Such set-ups are not conducive to maintaining a good posture, and it is well established that working in awkward positions will cause problems, especially if there are any pre-existing conditions. Compliance with the display screen equipment(DSE) legislation is essential to help office workers maintain good musculoskeletal health. In 2019/20, the Health and Safety Executive (HSE) reported that musculoskeletal problems were the second highest reason for absence from work, with awkward positions (including when sitting), and using a keyboard and performing repetitive tasks the second and third most common causes of injury. If musculoskeletal problems are this prominent when working "normally", pandemic working is likely to make the situation much worse. Employers should consider supplying additional equipment to employees, as identified in the DSE assessment.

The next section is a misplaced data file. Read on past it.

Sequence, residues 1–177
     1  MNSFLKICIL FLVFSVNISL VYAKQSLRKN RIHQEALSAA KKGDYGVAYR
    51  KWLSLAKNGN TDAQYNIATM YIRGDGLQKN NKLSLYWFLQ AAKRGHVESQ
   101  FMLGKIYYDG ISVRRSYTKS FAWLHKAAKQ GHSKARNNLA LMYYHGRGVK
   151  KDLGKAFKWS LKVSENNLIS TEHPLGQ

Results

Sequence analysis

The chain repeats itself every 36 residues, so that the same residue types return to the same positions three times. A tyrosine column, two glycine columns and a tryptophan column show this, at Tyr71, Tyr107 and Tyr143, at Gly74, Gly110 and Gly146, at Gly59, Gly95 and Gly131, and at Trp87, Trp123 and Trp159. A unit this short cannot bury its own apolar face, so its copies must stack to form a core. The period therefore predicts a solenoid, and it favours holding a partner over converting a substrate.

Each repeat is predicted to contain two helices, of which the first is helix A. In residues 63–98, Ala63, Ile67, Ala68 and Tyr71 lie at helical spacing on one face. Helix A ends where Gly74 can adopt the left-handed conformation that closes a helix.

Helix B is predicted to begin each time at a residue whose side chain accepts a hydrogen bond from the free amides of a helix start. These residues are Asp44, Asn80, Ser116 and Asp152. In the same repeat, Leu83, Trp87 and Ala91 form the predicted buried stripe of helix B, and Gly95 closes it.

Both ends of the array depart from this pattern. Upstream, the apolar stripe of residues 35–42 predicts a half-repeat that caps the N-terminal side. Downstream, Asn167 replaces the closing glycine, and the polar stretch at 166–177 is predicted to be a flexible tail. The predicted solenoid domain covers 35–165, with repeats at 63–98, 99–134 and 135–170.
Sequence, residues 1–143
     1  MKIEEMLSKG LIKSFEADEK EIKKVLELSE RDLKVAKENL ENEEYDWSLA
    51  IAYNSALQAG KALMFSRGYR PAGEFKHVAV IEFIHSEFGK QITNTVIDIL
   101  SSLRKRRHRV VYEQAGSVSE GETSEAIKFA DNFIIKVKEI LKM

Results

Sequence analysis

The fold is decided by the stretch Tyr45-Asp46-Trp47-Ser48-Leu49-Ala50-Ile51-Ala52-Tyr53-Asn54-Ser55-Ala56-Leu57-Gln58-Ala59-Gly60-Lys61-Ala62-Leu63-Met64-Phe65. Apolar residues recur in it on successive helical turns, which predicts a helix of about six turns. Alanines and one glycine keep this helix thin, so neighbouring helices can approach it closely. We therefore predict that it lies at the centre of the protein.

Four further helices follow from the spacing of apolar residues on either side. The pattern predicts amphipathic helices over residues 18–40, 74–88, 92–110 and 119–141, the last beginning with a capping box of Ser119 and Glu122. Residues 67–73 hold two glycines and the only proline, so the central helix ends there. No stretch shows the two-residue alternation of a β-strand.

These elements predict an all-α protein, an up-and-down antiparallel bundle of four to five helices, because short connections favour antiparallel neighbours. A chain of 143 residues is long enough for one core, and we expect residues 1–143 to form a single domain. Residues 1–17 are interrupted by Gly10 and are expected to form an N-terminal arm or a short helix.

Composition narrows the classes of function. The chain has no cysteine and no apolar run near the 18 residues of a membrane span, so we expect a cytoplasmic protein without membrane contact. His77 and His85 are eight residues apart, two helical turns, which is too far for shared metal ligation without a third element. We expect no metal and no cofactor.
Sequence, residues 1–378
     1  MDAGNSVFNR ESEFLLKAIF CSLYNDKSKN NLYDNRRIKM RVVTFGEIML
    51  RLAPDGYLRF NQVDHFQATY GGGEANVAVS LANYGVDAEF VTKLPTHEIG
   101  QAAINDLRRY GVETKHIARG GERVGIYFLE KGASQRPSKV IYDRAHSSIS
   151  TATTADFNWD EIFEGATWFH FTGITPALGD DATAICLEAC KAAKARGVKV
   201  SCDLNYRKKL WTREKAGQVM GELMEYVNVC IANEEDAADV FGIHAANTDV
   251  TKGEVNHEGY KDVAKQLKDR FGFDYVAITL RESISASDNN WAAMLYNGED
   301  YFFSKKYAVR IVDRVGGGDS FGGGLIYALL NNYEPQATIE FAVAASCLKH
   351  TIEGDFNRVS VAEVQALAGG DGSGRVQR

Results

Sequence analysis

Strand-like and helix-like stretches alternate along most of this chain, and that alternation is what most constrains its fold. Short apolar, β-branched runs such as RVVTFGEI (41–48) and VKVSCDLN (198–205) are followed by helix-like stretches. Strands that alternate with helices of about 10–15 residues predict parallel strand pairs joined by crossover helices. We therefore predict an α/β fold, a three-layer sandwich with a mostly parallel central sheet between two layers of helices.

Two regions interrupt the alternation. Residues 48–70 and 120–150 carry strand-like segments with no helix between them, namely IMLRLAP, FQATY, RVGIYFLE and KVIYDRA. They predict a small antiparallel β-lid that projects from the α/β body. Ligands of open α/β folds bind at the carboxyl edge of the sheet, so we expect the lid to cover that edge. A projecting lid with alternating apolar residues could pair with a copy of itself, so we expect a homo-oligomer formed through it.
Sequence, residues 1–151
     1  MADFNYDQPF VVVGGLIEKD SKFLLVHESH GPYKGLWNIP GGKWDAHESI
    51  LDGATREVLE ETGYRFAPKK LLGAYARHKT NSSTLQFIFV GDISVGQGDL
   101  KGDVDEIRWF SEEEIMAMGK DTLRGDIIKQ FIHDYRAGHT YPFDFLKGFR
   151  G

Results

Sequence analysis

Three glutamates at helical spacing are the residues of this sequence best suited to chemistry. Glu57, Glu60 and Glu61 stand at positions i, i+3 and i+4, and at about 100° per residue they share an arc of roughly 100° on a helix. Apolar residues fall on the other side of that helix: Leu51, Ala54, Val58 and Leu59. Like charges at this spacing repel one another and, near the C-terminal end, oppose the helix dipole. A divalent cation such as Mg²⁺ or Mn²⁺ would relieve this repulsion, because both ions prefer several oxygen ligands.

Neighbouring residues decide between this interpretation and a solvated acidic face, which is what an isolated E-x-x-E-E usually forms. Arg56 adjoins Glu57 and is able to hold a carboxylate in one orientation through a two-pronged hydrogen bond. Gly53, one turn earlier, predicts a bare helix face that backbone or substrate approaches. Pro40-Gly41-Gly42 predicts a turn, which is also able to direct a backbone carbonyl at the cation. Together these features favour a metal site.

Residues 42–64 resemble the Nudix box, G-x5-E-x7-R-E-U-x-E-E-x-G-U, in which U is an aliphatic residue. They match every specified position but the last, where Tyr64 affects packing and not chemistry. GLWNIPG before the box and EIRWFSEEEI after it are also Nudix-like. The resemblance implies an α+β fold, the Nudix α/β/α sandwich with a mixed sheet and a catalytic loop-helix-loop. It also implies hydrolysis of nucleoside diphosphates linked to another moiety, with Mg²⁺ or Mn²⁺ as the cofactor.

Another contributing factor is stationary work. Any position can cause fatigue and discomfort if held for a long period of time, and a lack of movement can increase the risk of musculoskeletal problems. This issue has long been recognised in sedentary office work, but homeworking has the potential to result in even fewer opportunities to move. Take, for example, a day of meetings. In the office you often need to walk between meeting rooms; now it is much more likely that the meetings will be held back-to-back using a video conferencing platform. With only 25 steps needed to walk to the kitchen to put the kettle on, options to stretch the legs can be limited.